“Agile” is a term every e-learning developer has heard (unless they’re living under a rock!). But what does it mean exactly? Put simply, Agile is a way of managing the design process to make it flexible and interactive. The main principles of the Agile methodology are encouraging communication between all parties involved, an openness to evolving requirements, and being able to provide working deliverables at regular intervals.
The term itself was coined in the early 2000s by software developers who were looking for an updated development method. They felt the processes long established by the manufacturing industry were too linear, rigid, and inflexible. Something fresh was needed for the burgeoning software industry. Thus, Agile was born. So, how can we apply it to the instructional design process and e-learning development? Here are a few ways you can do just that!
Encourage Communication Between Teams
Communication and collaboration between the stakeholders involved in a project is a critical component of the Agile methodology. In order for this to happen, it’s critical to have strong buy-in from those involved, or else they won’t want to take the time to meet and communicate. One way you can encourage this communication is by opening up a variety of channels (email, telephone, etc.) and by having regular face-to-face meetings. Also, try to make sure you bring all the appropriate people into your project. Are you developing a new e-learning program for the sales team? In addition to working with an SME (Subject Matter Expert), consider bringing on board a regular sales team employee to get their insights and opinions on the project as it unfolds. They might have a point of view or piece of information that will help your project be a success.
Incorporate More Review Checkpoints
One of the cornerstones of the Agile method is the ability to handle changing requirements in a project as they come up. This can only happen if you meet regularly and provide your client/customer with the opportunity to provide this important feedback. When you set up a project plan, incorporate as many review checkpoints as you can, and as early on as possible. If you do this, you should be able to spot problems or potential required changes earlier in the process and minimize the amount of re-work or correction passes. Check out this article for tips on optimizing your course review process.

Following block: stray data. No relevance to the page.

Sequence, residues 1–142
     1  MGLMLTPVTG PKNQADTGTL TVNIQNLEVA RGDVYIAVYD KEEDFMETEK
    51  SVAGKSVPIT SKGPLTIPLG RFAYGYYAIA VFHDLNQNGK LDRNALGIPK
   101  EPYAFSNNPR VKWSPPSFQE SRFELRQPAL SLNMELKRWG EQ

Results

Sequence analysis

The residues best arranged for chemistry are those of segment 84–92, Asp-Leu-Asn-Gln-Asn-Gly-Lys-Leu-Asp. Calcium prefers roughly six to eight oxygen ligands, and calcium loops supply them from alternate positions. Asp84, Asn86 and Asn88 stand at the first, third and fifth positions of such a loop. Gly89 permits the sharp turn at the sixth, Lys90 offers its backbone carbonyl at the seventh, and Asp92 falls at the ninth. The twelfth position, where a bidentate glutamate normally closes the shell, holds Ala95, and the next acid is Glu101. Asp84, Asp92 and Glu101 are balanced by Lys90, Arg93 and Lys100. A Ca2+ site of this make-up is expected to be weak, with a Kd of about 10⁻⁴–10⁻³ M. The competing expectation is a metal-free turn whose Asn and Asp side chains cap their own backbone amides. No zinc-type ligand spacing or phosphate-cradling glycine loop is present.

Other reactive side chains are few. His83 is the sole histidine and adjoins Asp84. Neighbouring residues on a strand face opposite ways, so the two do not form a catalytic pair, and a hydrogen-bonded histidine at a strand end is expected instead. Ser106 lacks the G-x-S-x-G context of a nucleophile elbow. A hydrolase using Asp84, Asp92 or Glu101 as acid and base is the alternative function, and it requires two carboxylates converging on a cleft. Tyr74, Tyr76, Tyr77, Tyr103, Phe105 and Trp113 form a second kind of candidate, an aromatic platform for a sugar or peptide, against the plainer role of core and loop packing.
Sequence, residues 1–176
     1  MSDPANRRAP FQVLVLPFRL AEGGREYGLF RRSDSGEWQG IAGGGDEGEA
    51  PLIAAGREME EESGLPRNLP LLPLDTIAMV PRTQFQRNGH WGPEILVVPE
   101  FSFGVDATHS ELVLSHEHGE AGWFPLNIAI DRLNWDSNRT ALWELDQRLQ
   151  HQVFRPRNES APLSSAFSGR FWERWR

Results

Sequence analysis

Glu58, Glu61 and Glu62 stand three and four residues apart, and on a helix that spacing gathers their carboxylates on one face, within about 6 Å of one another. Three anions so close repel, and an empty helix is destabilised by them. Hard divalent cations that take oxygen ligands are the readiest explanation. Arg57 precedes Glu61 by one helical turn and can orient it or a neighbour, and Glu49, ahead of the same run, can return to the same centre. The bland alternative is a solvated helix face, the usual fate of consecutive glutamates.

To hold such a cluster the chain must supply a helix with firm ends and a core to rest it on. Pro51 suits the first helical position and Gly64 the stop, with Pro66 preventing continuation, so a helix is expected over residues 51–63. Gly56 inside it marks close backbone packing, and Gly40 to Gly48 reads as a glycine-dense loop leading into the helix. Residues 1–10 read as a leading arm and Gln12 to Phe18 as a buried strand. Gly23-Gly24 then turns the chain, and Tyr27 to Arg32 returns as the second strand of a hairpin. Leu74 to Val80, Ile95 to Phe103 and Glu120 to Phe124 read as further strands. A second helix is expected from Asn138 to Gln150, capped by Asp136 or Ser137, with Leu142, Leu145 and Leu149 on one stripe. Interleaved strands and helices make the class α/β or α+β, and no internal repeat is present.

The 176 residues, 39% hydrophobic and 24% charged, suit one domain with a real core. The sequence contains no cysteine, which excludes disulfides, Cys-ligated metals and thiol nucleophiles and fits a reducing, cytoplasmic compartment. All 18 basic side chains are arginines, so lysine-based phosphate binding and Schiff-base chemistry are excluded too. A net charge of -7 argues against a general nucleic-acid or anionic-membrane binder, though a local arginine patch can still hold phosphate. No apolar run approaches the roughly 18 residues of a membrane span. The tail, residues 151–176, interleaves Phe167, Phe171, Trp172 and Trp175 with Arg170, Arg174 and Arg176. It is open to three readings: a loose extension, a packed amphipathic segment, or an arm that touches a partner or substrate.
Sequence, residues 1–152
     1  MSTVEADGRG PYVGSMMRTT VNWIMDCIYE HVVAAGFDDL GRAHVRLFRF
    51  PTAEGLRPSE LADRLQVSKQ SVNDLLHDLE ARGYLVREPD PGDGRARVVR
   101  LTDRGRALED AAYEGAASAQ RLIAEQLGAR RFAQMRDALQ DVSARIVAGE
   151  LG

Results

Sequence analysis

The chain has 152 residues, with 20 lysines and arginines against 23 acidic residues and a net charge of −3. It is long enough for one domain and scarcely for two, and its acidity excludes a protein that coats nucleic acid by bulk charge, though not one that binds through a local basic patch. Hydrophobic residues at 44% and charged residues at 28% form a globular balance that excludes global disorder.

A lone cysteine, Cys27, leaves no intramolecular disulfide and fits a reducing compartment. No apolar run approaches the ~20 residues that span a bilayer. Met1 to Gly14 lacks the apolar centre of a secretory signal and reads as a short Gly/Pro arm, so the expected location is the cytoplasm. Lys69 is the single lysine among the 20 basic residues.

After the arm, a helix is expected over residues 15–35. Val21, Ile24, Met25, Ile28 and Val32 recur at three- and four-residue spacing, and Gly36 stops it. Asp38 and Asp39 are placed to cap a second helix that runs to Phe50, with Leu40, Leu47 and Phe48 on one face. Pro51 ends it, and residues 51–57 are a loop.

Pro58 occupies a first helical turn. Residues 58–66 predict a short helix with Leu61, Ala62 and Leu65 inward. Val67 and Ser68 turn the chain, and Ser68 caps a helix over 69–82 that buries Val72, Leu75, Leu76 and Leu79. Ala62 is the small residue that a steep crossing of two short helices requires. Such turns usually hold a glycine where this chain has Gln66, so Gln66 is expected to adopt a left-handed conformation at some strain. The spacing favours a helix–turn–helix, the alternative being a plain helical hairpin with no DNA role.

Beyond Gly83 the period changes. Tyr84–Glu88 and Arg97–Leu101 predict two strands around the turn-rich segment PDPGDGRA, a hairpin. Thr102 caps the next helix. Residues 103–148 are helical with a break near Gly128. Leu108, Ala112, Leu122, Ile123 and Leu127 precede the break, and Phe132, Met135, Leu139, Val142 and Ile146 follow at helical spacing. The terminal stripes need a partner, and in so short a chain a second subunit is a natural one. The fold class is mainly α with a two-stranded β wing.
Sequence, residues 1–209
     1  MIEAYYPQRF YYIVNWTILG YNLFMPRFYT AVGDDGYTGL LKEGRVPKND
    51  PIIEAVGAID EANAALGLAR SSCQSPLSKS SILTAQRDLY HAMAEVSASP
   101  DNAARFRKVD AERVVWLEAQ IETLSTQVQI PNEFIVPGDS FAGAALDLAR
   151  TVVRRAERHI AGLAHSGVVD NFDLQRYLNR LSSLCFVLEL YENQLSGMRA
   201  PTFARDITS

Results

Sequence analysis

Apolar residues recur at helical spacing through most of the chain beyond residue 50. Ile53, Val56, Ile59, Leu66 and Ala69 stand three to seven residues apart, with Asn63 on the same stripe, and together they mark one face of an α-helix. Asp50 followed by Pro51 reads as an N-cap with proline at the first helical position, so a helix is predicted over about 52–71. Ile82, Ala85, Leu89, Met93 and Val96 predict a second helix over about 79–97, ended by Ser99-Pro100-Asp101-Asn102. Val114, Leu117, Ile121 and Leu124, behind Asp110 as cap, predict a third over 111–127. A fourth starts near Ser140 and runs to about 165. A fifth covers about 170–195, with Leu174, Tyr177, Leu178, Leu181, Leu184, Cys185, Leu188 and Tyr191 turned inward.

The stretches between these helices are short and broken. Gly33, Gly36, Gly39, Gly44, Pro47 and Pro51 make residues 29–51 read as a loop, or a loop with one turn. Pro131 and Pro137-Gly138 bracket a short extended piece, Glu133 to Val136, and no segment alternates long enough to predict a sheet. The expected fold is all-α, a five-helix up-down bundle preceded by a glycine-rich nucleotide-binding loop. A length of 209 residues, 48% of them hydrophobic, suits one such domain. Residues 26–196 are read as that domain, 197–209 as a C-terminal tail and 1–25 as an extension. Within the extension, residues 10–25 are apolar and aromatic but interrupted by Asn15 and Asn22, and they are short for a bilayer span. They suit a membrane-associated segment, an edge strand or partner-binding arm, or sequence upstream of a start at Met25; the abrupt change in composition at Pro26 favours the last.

Develop Small Chunks
Since you’ve incorporated more review checkpoints throughout the design process, you’re probably going to be building out smaller chunks of your course at a time. This is a good way to live up to another key principle of the Agile method: being able to provide a functioning deliverable! Instead of developing the entire course and sharing it all at once, consider developing smaller chunks (one lesson or module, for example) that can be vetted and shared as they are created. Smaller chunks means you can also see earlier on how your learners and stakeholders are reacting to what you’ve created, allowing you to make adjustments for future pieces as needed.
These are just three simple ways you can incorporate the principles of Agile into your e-learning design. Interested in adopting a more Agile-friendly e-learning creation workflow? Check out this article on the SAM model, an Agile variation of the classic ADDIE instructional design method. Have you incorporated any Agile methodologies into your workflow? If you have, let me know how in the comments below!
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